For the last 10 years or so, he had the added trial of undergoing kidney dialysis several times a week, requiring tiring trips from American Fork to Provo where he was connected for hours to a machine that would perform the function his failing kidneys no longer could.
Diabetes ultimately took his sight, which meant he could no longer watch BYU games. But he never missed listening to the games on KSL radio over the past five years. Then, just before this new football season began, he fell and broke a hip, sending him to the hospital and intensive care with about a dozen tubes in his body.
By the time the Georgia Tech game occurred, he wasn't even allowed to listen, and had to rely on family and friends to report the results of the games.
Did these challenges diminish his interest and his excitement for the Cougars? No one close to him could detect any change. There is just no getting around it: he LOVED his Cougars and supported them through thick and thin. Whether trials came from his failing health or their losing to an opponent when they should have won, he loved the Cougars unconditionally.
Last week I visited him several times in intensive care. On our last visit, he had finally lost the tube that was helping him breathe and had graduated to a mask. He was heavily sedated to handle the pain and, although he could communicate with squeezes of your hand, he couldn't really do so verbally.
On that particular visit, we were chatting about the upcoming USC game (me with my voice and he with hand squeezes and eyes) and I could see the sparkle in his eyes representing his excitement about this challenge and opportunity for HIS team. I happened to mention that a lot of people weren't giving the Cougars any chance of even being in the game with the highly ranked Trojans. His eyes burned into me and he reached up and pulled the oxygen mask away. We tried to stop him, but he would not be denied. He blurted out, "Who said that?"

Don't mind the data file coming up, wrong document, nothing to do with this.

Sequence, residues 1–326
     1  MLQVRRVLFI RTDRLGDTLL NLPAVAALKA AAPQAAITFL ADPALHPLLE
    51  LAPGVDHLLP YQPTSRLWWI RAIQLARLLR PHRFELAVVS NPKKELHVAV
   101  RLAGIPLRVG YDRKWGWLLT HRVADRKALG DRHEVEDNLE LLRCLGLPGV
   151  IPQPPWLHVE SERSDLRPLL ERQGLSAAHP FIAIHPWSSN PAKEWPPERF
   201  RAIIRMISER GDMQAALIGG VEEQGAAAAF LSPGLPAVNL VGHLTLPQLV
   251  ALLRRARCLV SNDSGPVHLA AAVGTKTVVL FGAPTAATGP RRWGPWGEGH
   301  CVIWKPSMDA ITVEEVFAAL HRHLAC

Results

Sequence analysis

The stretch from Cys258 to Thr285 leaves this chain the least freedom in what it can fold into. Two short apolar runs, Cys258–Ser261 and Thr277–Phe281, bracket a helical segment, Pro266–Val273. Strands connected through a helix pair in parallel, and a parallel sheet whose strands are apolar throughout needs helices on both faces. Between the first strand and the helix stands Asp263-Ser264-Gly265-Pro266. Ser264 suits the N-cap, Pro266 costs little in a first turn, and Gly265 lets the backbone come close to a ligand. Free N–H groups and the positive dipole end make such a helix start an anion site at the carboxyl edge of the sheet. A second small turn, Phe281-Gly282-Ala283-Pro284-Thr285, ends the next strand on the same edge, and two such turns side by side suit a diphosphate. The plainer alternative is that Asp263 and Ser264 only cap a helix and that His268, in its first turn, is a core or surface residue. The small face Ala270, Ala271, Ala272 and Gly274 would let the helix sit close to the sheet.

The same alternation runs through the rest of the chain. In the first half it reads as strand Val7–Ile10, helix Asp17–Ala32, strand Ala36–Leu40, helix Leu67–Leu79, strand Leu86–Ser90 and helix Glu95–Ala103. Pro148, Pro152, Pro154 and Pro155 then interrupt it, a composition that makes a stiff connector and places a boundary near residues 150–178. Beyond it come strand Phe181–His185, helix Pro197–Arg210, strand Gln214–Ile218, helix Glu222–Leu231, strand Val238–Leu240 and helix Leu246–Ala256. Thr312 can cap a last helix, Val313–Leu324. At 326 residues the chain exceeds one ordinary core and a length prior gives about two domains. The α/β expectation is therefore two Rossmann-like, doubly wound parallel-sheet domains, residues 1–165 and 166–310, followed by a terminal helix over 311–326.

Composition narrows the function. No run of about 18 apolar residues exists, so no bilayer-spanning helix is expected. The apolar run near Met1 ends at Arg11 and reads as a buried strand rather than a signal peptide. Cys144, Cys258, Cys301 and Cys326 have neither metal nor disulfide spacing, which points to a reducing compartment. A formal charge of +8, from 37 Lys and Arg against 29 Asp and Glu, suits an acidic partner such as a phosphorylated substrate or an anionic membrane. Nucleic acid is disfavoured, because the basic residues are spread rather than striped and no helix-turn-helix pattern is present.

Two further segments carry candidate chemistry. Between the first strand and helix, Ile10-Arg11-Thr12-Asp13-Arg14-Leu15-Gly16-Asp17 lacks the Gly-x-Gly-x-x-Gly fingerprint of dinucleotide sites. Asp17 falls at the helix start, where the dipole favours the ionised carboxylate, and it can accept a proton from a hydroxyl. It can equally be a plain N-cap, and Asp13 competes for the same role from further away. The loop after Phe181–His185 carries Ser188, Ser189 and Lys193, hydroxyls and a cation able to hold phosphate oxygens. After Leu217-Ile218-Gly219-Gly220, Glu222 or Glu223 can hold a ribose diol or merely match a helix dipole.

It was a little scary for him to remove that mask. But since I hadn't heard him speak since he got to the hospital, it was also very exciting to hear his voice and feel his passion for the Cougars again. Don obviously felt the Cougars could play with the men of Troy, and they proved him right! But I wasn't able to deliver that exciting news before he was gone.
I don't know what it was that made Don such a faithful Cougar fan, but I suspect it might have had something to do with his heavy involvement in Scouting. I think his love for those young men, and his coaching so many of them successfully to become Eagle Scouts, probably seemed very analogous to the relationship he saw between the Cougar coaches and teams. He attended National and World Scouting Jamborees with his boys. Over several decades, he saw at least a dozen each year achieve their Eagle Scout rank. Ultimately, he was honored with the Silver Beaver Award. He rejoiced in those experiences, and in the hard work and achievement of his boys, very much like he rejoiced in the dedication and achievement of the Cougar athletes.
I will really miss Don as a neighbor – and especially as an example of what Total Blue Cougars should really be like. But I suspect he is not going to be missing cheering on his Cougars. I believe he will now be back to both watching and supporting, like the good old days, before his challenges slowed him down.
Memo to the BYU Cougars: Win this one for Don Mills, one of your most loyal and diehard Cougar fan.
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